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Bitcoin, Fake News, and the Illusion of Money

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Bitcoin’s value is an illusion of money. But so is all governmental money, all central-bank money. All governments always knew that the value of money is an illusion: they could just not fathom a day would come when they would no longer be in complete control of that illusion.

In the 1980s, there were European governments who seriously considered outlawing cable and satellite television. The reason, or at least the reason as stated, was that these information channels “could not have a guaranteed level of quality” – put differently, the narrative told in those channels was not under governmental control, unlike in the the existing TV channels. Yes: Europe has governmental television channels, pretty much every single European country has one or two of them. You’ve probably heard of the British BBC, as one example. Formally, they’re supposed to be independent from government; in reality, it’s in varying degrees of doubt in different countries.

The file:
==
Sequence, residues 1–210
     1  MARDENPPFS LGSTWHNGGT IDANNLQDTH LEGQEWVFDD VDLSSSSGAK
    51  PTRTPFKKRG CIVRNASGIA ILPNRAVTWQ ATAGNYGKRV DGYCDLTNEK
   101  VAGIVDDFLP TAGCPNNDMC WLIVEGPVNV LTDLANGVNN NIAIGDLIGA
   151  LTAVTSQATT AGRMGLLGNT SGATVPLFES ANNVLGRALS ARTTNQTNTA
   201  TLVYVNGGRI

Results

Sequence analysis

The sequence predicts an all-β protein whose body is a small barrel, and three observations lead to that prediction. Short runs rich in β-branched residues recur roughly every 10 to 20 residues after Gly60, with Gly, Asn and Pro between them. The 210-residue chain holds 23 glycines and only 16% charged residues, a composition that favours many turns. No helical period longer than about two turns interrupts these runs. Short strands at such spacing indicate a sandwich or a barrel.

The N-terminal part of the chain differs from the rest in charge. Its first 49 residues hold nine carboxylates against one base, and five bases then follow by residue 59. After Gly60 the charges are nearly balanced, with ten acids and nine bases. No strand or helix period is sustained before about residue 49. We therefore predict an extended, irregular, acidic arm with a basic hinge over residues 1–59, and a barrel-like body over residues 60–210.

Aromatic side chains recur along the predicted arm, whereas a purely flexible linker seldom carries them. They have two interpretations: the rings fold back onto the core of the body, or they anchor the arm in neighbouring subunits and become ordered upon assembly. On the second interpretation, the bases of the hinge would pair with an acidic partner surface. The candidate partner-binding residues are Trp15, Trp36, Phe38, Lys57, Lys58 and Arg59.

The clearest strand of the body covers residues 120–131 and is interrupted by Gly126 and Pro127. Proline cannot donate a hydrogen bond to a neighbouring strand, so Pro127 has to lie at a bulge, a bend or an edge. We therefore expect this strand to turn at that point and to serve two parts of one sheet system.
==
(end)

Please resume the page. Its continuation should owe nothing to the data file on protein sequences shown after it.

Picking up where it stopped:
Today’s governments have the idea, not to say the obsession, that they have a responsibility to provide the population with accurate news.

More often than not, this is news as told from the government’s point of view, whether they are aware of that fact or not. We could just as easily rephrase this as the government being obsessed with having its narrative be the dominant one — denying others a microphone and a platform, if you will, while not even being aware that this is happening.

It is with this in mind, that one need to regard the term “fake news”. When governments decry fake news, it is rather uncommonly “objectively false information”; more often, it is “information that hurts our narrative and our position of power”.

To illustrate, there was a contentious trial against Greek statistician Andreas Georgiou that recently concluded with a two-year suspended

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